Page:Popular Science Monthly Volume 57.djvu/226

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tion to physiology and morphology. The taxonomy of some of the more important families of seed plants is discussed in a special section. The author pays tribute to the present leaning toward ecology by chapters on seed distribution, the struggle for the occupancy of land, zonal distribution, soil formation in rocky regions and moors, plant communities, and adaptations of plants to climate.

In 'Nature and Work of Plants' (Macmillan) Dr. MacDougal approaches the subject of botany by a study of the functions of the plant, of the things which it must do to live and adapt itself to its surroundings. Such an introduction to the subject from the physiological point of view is a radical innovation in the matter of elementary texts. A second departure from the practice of current texts is the omission of illustrations, in order that the attention of the student may not be distracted from the plant at work by a picture of something it has done. The technique is simple and the book seems well-fitted to awaken enthusiastic interest and lead the student further into the subject. Chapters are devoted to such subjects as: composition and purposes of plants, the manner in which the different kinds of work are divided among the members of the body, the way in which new plants arise, and the relations of plants to each other.

Miss Alice Lounsberry's 'Guide to the Trees' (Stokes & Co.) is an example of a type of popular books in botany indispensable to the amateur, and of great value to the working botanist. Nearly two hundred species, including shrubs, have been described. "Among them are all those most prominent in northeastern America, and a few distinctive or rare species from the South and West. Several also that are not indigenous but which have become identified with the tree life of this country are presented." The author has grouped forms of similar habit together in such manner that sections are devoted to: Trees preferring to grow in moist soil, lowlands and meadows; trees preferring to grow near water, in swamps, and running streams; trees preferring to grow in rich soil, in forests and thickets, and trees preferring to grow in light, dry soil and upland places. The general notes of information appended to the technical descriptions add much to the reading value of the book, which is beautifully illustrated by sixty-four colored plates, after paintings by Mrs. Rowan, and a hundred sketches in black and white.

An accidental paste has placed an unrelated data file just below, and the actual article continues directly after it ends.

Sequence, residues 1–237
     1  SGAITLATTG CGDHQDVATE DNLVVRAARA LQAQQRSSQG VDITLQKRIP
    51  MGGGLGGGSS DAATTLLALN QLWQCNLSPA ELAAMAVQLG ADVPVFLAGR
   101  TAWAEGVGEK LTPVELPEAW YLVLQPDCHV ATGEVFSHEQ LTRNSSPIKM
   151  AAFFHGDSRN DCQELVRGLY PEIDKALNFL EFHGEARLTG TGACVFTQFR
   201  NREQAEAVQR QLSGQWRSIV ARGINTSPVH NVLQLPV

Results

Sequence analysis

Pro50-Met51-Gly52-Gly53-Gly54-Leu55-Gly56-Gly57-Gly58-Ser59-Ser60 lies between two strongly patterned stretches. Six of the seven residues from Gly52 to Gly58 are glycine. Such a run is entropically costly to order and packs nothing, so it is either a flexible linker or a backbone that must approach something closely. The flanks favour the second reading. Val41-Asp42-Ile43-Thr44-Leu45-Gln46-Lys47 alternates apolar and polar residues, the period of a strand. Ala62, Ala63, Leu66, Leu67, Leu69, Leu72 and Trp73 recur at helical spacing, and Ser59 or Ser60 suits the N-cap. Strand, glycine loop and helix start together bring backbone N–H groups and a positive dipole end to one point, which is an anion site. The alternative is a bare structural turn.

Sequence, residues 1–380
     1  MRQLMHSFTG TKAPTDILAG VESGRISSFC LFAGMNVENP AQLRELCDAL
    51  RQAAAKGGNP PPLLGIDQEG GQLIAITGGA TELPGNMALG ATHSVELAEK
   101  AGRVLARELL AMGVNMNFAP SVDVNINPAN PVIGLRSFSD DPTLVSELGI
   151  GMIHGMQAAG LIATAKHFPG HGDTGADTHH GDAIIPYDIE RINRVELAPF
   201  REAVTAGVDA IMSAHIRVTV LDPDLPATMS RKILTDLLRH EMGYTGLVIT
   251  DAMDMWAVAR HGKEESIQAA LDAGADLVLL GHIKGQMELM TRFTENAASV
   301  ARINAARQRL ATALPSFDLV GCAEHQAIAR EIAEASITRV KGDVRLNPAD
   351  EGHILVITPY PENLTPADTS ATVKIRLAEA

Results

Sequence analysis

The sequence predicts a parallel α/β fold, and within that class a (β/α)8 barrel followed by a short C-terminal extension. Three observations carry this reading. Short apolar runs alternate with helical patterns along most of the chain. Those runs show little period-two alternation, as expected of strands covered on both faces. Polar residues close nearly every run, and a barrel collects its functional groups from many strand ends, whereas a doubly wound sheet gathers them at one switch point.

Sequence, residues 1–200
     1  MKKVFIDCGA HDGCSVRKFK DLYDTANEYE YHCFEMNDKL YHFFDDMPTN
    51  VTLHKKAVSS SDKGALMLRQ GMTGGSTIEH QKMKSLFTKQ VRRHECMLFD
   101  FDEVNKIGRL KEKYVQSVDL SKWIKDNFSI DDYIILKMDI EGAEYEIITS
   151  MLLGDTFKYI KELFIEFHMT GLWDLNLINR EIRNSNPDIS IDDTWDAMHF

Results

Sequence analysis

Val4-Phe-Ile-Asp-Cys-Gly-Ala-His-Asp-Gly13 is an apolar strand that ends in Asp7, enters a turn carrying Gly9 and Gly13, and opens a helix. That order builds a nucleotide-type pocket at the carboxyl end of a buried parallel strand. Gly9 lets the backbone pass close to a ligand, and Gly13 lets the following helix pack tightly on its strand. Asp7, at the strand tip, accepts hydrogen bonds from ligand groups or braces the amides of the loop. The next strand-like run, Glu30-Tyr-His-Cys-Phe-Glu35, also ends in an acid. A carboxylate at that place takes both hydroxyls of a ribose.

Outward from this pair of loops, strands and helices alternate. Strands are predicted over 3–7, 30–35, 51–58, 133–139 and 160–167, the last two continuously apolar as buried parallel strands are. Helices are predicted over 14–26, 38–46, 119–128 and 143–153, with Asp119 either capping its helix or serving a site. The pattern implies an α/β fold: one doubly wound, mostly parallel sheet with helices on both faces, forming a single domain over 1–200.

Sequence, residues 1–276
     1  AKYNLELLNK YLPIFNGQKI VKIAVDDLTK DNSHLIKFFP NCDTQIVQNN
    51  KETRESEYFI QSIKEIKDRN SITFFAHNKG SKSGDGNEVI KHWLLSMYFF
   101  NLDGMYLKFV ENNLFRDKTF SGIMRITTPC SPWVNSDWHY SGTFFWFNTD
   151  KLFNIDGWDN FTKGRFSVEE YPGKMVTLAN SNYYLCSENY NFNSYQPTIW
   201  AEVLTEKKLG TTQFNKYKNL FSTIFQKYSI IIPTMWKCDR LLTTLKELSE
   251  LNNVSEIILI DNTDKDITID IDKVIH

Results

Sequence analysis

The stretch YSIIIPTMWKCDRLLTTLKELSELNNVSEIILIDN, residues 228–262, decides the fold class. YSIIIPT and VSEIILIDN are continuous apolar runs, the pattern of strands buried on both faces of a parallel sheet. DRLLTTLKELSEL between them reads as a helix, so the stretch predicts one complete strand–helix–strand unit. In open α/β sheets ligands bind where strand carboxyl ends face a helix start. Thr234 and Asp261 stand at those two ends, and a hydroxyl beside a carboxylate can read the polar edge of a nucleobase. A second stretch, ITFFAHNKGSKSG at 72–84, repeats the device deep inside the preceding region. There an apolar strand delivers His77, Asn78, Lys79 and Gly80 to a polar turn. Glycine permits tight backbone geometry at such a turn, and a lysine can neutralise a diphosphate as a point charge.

The amount of interest centered in the preservation of the forests of the national domain, and the establishment of forestry in the courses of several educational institutions, makes Mr. Bruncken's 'North American Forests and Forestry' (Putnam & Sons) most timely. The author discusses the sociological aspects of forestry, and the distribution of forests in North America. It is of interest to note that the forest is treated as a living plant formation subject to many vicissitudes in the struggle for existence with neighboring societies of plants, particularly with the bog and prairie. The fate of the forest in front of the advancing pioneer is well delineated, and forest finance management and protection are most sensibly considered. Perhaps no other work offers the citizen such a rational presentation of all aspects of the numerous questions involved in forestry as the one under discussion.

Sachs's 'Physiology of Plants' has long been a classic among botanists because of the immense amount of new results which were brought out in its pages, marking the dawn of a new epoch in the history of botanical investigation. A large share of its conclusions have become invalidated by the general advance of the subject, however, and the next most notable work, Pfeffer's 'Plant Physiology,' is one which is bound to exert even a more lasting influence in